I wanted to do series on Alternative Energy. I thought wind energy was a pretty interesting study, but I thought people might get bored with it so I decided to break it up into one subject per week. Some energies have more information so those will probably broken up into a two or three day period. This one will be broken up into two days. Today will be the mechanical part of it and the one pro that it has. (Keep in mind the one pro covers just about everything.) The cons will come tomorrow. There is quite a few and I had a lot to say about them (be prepared), so I decided to give them their own day.
Winds are caused by the uneven heating of the atmosphere by the sun, the irregularities of the earth’s surface, and rotation of the earth. Wind flow patterns are modified by the earth’s terrain, bodies of water, and vegetative cover. This wind flow, or motion energy, when “harvested” by modern wind turbines, can be used to generate electricity.
Wind turbines convert the kinetic energy in the wind into mechanical power, wind power or wind energy. This mechanical power can be used for specific tasks (such as grinding grain or pumping water) or a generator can convert this mechanical power into electricity to power homes, businesses, schools, and the like.
Wind turbines turn in the moving air and power an electric generator that supplies an electric current. Instead of using electricity to make wind, like a fan, wind turbines use wind to make electricity. The wind turns the blades, which spin a shaft, which connects to a generator and makes electricity.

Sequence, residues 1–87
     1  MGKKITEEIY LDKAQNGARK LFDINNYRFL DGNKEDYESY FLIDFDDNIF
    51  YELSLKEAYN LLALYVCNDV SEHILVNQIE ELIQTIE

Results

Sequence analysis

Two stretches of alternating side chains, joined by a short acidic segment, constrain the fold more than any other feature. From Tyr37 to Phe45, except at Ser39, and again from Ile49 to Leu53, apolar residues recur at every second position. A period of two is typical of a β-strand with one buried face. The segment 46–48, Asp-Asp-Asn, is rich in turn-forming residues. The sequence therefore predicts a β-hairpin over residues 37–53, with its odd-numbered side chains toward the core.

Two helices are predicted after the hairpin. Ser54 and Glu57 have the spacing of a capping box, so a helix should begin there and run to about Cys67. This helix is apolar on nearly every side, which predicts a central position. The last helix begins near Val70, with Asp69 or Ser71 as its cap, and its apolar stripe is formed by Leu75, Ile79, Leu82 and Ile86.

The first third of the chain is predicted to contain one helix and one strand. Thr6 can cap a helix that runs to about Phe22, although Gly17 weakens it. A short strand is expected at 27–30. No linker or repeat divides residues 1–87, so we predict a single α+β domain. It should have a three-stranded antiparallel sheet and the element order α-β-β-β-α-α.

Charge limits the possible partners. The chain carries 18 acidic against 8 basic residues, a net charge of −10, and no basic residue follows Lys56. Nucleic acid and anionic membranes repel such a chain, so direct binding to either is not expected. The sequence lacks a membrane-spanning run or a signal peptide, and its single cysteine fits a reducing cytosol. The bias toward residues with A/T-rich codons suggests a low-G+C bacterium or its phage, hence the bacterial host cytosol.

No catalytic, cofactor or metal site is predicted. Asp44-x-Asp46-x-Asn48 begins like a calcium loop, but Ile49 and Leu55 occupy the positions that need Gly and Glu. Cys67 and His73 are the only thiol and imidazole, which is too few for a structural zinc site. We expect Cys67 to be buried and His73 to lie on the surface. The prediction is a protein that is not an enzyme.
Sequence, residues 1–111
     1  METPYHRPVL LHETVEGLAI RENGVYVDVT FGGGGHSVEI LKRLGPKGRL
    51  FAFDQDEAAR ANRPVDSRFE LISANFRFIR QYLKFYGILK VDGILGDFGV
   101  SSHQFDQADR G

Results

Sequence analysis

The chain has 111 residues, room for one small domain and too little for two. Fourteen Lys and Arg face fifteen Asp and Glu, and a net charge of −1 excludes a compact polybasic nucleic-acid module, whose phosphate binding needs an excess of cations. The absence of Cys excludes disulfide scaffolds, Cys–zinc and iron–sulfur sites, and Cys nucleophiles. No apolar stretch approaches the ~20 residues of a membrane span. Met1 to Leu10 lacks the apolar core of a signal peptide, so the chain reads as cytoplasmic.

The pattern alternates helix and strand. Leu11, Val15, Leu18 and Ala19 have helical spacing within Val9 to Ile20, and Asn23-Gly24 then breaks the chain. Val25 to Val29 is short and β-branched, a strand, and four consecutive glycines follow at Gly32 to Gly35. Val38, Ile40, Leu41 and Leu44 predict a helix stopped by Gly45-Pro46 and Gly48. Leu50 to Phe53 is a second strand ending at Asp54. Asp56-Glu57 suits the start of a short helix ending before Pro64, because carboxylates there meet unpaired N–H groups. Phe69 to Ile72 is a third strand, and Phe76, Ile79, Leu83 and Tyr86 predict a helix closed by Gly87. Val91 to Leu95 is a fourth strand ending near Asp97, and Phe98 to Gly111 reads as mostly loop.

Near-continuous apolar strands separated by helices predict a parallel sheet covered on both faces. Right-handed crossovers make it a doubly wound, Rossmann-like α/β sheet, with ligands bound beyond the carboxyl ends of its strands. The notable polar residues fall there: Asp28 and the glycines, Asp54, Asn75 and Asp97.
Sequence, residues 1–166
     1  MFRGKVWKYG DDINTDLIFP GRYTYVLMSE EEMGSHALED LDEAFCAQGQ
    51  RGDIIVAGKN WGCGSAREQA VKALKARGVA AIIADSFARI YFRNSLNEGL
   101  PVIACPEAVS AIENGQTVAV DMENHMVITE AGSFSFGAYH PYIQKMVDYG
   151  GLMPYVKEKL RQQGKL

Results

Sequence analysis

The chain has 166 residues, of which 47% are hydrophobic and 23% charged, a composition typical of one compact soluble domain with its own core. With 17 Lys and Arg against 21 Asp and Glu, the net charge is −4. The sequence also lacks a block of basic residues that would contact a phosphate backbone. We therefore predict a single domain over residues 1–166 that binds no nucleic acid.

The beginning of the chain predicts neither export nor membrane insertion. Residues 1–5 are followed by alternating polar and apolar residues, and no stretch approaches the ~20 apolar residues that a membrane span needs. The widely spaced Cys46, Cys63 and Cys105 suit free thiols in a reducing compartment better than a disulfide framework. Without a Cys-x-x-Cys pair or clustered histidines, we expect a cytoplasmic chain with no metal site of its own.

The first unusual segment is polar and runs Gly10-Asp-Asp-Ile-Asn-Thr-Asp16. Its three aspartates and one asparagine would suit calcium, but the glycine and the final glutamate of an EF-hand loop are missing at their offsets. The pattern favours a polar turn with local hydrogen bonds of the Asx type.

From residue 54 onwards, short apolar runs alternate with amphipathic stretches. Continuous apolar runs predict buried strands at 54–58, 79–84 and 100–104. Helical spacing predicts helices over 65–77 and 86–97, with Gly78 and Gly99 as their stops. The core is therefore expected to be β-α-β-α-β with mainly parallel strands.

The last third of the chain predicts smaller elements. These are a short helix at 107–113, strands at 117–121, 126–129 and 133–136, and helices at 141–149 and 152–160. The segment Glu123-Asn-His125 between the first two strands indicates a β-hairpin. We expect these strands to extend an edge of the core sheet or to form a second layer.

Wind turbines are often grouped together into a single wind power plant, also known as a wind farm, and generate bulk electrical power. Electricity from these turbines is fed into a utility grid and distributed to customers, just as with conventional power plants.
Wind Turbine Size and Power Ratings
Wind turbines are available in a variety of sizes, and therefore power ratings. The largest machine has blades that span more than the length of a football field, stands 20 building stories high, and produces enough electricity to power 1,400 homes. A small home-sized wind machine has rotors between 8 and 25 feet in diameter and stands upwards of 30 feet and can supply the power needs of an all-electric home or small business. Utility-scale turbines range in size from 50 to 750 kilowatts. Single small turbines, below 50 kilowatts, are used for homes, telecommunications dishes, or water pumping.
As long as we have the sun we’ll have wind energy. If we don’t have the sun then we’ll be dead anyways, so we’ll never have to be without. This also makes it a renewable resource. Wind energy is clean, non-polluting, electricity. Unlike conventional power plants, wind plants emit no air pollutants or greenhouse gases. According to the U.S. Department of Energy, in 1990, California’s wind power plants offset the emission of more than 2.5 billion pounds of carbon dioxide, and 15 million pounds of other pollutants that would have otherwise been produced. It would take a forest of 90 million to 175 million trees to provide the same air quality.
That pro is really the only one, but it just seems to include everything. There are lots of cons that are in this argument, but it’s important to remember the big picture and think long term which is something that critics always seem to dismiss. Since I learned about the basics of renewable resource energy, things have change. There are new sources and different sources. This idea of using alternate resources is evolving and it’s only a matter of time before we learn how to fix most, if not all of these issues. Keep that in mind before you get too focused on the details.